Dr John B Pittard, a general practitioner in Staines, comments on whether implementing these research findings is achievable in primary care
For UK healthcare professionals only
The Sheffield audit of heart failure discharge advice given to GPs by Kanaan, Bashforth and Al-Mohammed (see pages 113–16) illustrates perfectly the imperfections of implementing research findings and guidelines into every day clinical practice. The paper rightly points out the selective nature of the entry criteria of patients to RALES (Randomised Aldactone Evaulation Study).1 Most research trial patients are more scrupulously managed and monitored than in real world circumstances. The traditional way of organising discharge summaries usually defaults to the least experienced junior staff. The perception is often that a career in accountancy would be more exciting than this task.
The majority of hospitalised chronic heart failure (CHF) patients will be elderly, with challenging personal fitness and domestic circumstances. Most will be New York Heart Association (NYHA) grade III/IV with imperfect renal function aggravated by use of angiotensin-converting enzyme (ACE) inhibitors/antiotensin receptor blockers, diuretics and perhaps spironolactone. With assiduous medication supervision, many will enjoy some digitalis and beta blockers as well. Advice from the National Institute of Health and Care Excellence (NICE) to monitor bloods at weeks one, four, eight and 12 is easy to generate in a comfortable conference room before lunch by well meaning folks who will rarely call in at home of a grade IV CHF patient. It is certainly reasonable to add this advice in a one-line summary on the discharge letter. Perhaps a better way would be to have a template default letter generated by computer to be routinely added to the CHF patient discharge to the GP, rather than around a quarter of all letters failing to mention this.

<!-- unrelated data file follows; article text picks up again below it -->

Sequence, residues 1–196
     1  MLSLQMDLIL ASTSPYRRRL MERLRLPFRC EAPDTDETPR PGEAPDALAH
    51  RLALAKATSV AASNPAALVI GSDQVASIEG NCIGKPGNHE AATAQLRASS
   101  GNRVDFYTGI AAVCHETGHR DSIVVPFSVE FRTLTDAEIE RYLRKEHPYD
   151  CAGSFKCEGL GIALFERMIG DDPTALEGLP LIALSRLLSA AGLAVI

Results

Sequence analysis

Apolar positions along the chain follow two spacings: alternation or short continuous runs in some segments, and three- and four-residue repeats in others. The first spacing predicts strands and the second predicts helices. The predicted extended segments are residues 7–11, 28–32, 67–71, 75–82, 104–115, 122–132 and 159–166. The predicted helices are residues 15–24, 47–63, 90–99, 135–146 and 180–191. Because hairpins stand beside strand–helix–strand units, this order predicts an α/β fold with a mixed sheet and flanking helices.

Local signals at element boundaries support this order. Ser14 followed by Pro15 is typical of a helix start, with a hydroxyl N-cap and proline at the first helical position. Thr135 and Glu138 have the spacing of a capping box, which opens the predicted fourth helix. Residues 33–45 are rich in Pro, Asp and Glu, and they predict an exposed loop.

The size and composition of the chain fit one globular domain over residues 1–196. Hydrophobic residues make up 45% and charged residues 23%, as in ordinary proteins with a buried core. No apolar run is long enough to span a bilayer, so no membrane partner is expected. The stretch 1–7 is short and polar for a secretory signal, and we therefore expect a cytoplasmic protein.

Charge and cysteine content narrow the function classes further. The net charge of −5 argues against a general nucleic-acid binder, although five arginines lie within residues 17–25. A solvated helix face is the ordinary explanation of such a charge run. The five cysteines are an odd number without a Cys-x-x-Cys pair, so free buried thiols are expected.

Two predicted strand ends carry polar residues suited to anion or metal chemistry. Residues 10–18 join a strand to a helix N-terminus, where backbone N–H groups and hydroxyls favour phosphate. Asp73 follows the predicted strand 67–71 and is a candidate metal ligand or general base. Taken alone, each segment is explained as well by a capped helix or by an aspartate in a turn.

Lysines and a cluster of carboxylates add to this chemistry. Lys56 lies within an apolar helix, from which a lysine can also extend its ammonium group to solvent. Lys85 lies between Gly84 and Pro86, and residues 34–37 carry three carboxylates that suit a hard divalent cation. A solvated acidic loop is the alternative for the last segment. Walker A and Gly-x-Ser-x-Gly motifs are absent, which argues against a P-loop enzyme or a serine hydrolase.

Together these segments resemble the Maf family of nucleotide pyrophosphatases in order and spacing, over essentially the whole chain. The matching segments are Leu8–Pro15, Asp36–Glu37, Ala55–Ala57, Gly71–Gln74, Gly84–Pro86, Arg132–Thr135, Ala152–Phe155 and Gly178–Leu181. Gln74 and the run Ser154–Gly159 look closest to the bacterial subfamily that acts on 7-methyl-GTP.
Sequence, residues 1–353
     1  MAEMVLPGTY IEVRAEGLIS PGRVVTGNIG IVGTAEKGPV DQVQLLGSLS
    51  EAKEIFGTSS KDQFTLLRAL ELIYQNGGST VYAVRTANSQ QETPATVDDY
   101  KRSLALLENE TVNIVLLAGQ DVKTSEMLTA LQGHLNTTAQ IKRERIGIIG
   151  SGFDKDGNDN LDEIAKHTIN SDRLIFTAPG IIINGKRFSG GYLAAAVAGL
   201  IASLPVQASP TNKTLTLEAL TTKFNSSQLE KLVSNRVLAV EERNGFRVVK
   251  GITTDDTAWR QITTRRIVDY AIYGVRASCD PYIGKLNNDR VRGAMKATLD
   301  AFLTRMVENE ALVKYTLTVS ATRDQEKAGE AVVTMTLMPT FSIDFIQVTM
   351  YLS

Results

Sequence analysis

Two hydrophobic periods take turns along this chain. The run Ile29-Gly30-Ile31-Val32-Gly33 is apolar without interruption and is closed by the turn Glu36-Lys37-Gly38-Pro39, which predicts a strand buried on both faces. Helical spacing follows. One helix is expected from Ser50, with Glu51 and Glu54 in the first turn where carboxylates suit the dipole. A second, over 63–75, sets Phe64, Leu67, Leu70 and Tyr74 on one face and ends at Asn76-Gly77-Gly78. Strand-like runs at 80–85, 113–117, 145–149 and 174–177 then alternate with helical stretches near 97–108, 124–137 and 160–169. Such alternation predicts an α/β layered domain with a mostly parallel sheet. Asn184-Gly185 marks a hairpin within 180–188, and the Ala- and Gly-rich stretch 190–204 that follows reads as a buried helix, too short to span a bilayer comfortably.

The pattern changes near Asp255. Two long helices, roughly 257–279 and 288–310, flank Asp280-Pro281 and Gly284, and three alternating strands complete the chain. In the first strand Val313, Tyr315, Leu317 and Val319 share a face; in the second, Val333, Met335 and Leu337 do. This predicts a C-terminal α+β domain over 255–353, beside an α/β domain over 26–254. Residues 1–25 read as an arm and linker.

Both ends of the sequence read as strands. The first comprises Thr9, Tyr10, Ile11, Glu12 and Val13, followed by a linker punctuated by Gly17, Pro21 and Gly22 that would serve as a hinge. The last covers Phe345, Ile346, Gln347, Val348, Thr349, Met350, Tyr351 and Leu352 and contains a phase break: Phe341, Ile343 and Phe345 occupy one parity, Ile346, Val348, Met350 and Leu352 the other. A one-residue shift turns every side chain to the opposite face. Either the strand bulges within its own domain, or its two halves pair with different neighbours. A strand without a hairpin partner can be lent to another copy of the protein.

In the community these high maintenance CHF cases are best shared by GPs and specialist heart failure nurses. The majority of contacts will be where these patients reside. The question of home visiting and access, then successful venesection and delivering samples in the first half of a ‘9 to 5’ day at a local laboratory takes on the logistical challenge of a NASA moon programme. The withdrawal for many patients of a home support service for such testing has occurred with the fragmentation of the provider services; many of whom win contracts by reducing services and employing fewer staff. There are many examples of good practice such as community matrons, virtual wards and some practices managing to fund home blood testing. For others a modified NICE guideline such as monitoring at one, six and 12 weeks might be better than currently is offered.
Ideally the discharge advice can have NICE monitoring guidance as a computer generated addendum. Clinical commissioning groups might explore local solutions to feasible testing provision for these CHF patients. They certainly generate excessive hospital costs if readmitted with electrolyte and drug concordance issues.The improvement in day-to-day well being with well-managed CHF patients remaining at home is every bit as important as the postulated survival benefit. Personally, I cannot recall a death certificate in 30 years that mentioned hyperkalaemia.
John B Pittard
Chertsey Lane Surgery, 5 Chertsey Lane, Staines, TW18 3JH
1. Pitt B, Zannad F, Remme WJ, Cody R et al. for the Randomized Aldactone Evaluation Study Investigators. The effect of spironolactone on morbidity and mortality in patients with severe heart failure. N Engl J Med 1999;341:709−17. http://dx.doi.org/10.1056/NEJM199909023411001